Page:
5 KAREN HOLBROOK: She's not a household name here. But I do remember Draper Lab business development chief Len Polizzotto making sure to credit Holbrook, 67, as an influential player in helping bring the MIT spinoff based in Cambridge, Mass., to both USF Tampa and to St. Petersburg in recent months. Holbrook carries an impressive title: University of South Florida vice president of research and innovation.
A former (and first female) president of Ohio State University and a Ph.D. scientist, she's now part of the machinery that leverages USF scientists and university zeal to assist in the commercialization of research (known as technology transfer). Hopefully, that may lead to more recruiting of firms like Draper.
6 TIM TANGREDI: The CEO of Dais Analytic Corp. in Pasco County's Odessa has come a long way from the mid 1990s when his upstate New York business was tinkering over a fuel cell idea at Rensselaer Polytechnic Institute. The firm was lured to Pasco in 1998 thanks to tax breaks and assistance. Now comes the promise of company jobs. Lots of jobs.
In September, the 18-employee maker of nanotechnology-based air filtration systems unveiled a $200 million deal to export its product to China and, in the process, create 1,000 jobs over the next five years. That's a big number to deliver anywhere in Tampa Bay, but especially so in Pasco's bedroom communities where the November jobless rate was a depressing 13.2 percent.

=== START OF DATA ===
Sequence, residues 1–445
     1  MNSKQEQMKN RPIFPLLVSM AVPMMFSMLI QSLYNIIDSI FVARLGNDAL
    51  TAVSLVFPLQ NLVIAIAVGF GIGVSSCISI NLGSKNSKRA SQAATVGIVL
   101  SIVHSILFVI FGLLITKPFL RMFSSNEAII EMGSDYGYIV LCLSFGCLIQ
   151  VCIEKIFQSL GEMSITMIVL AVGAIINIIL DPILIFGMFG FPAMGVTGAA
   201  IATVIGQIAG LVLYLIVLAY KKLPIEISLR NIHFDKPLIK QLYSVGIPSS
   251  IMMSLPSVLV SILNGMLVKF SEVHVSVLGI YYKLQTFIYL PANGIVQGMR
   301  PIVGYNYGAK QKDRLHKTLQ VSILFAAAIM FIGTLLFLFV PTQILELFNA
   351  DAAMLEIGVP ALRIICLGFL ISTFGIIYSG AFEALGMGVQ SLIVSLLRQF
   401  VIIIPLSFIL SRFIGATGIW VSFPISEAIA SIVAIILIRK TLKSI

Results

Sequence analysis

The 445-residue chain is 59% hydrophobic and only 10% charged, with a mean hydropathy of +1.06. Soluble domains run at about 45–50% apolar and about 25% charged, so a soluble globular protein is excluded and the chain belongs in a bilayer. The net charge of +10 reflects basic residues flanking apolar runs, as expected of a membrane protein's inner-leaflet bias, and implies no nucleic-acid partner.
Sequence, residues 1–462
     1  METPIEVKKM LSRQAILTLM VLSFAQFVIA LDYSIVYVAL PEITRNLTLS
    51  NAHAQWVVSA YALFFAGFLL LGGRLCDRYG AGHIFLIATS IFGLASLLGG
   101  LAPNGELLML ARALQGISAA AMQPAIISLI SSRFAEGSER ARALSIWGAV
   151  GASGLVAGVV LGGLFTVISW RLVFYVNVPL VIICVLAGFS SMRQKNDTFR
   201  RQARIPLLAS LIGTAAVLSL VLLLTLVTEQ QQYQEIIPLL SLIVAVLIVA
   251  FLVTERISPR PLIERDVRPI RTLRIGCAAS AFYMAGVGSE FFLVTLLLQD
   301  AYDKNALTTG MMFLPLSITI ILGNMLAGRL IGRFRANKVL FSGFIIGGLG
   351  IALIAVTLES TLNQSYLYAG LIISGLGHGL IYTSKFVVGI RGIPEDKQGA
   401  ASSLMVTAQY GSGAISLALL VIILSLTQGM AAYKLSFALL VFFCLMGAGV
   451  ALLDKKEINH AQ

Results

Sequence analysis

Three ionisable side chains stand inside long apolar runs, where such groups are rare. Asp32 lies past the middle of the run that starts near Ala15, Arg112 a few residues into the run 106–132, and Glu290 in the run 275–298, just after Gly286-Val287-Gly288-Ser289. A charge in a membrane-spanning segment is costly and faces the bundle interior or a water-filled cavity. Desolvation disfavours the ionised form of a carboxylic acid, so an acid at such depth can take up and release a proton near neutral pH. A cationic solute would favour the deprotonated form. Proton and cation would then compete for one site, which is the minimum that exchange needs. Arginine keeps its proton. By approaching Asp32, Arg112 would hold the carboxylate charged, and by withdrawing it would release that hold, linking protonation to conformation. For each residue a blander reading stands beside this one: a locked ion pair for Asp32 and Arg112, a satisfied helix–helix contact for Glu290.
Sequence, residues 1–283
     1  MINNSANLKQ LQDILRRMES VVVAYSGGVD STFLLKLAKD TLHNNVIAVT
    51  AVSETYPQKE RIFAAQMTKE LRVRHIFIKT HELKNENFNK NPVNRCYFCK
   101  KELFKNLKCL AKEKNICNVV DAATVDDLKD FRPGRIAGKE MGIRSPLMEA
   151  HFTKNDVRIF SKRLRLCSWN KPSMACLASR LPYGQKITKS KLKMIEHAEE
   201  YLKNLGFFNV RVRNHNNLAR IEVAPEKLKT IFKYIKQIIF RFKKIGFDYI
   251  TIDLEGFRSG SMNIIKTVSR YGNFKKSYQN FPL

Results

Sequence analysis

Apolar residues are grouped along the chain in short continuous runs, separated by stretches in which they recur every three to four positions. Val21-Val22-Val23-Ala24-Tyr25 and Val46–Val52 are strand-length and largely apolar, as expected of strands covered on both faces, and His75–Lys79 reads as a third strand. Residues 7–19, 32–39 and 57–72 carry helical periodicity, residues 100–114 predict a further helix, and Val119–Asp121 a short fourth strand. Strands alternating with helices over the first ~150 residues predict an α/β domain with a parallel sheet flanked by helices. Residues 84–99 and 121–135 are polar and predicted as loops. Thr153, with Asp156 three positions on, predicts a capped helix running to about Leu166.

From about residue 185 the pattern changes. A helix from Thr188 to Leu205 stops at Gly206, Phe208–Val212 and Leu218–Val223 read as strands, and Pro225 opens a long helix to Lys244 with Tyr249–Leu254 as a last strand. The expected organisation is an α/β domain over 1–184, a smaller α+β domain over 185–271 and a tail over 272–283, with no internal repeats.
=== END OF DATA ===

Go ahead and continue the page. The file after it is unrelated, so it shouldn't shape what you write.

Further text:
Tangredi, 54, says Dais is gaining recognition for its nanotechnology expertise to solve "vexing energy and water infrastructure problems." His air filtration systems reduce the energy required to heat and cool buildings. As for those 1,000 jobs, the company isn't hiring yet. But when that time comes and Dais delivers, it could prove a transformative economic event for the Odessa area.
7 ED TURANCHIK: Activism is not dead, though sometimes you have to look hard to find it in Tampa Bay. That's why Ed Turanchik's rallying cry to start and serve as president of a statewide, pro-high-speed-rail, nonprofit group called ConnectUs last summer is worth noting. Turanchik, 56 and a Hillsborough County commissioner from 1990 to 1998, is known for progressive quests. After all, he was a big promoter of Tampa Bay and its Interstate 4 corridor as a site for the 2012 Olympics; London eventually was selected. And Turanchik was involved in ambitious though unrealized efforts by a group Civitas to rebuild the Central Park Village area near Tampa's downtown. Turanchik's ConnectUs will be critical to keep the momentum for rail in Florida. A federal decision should be made early this year.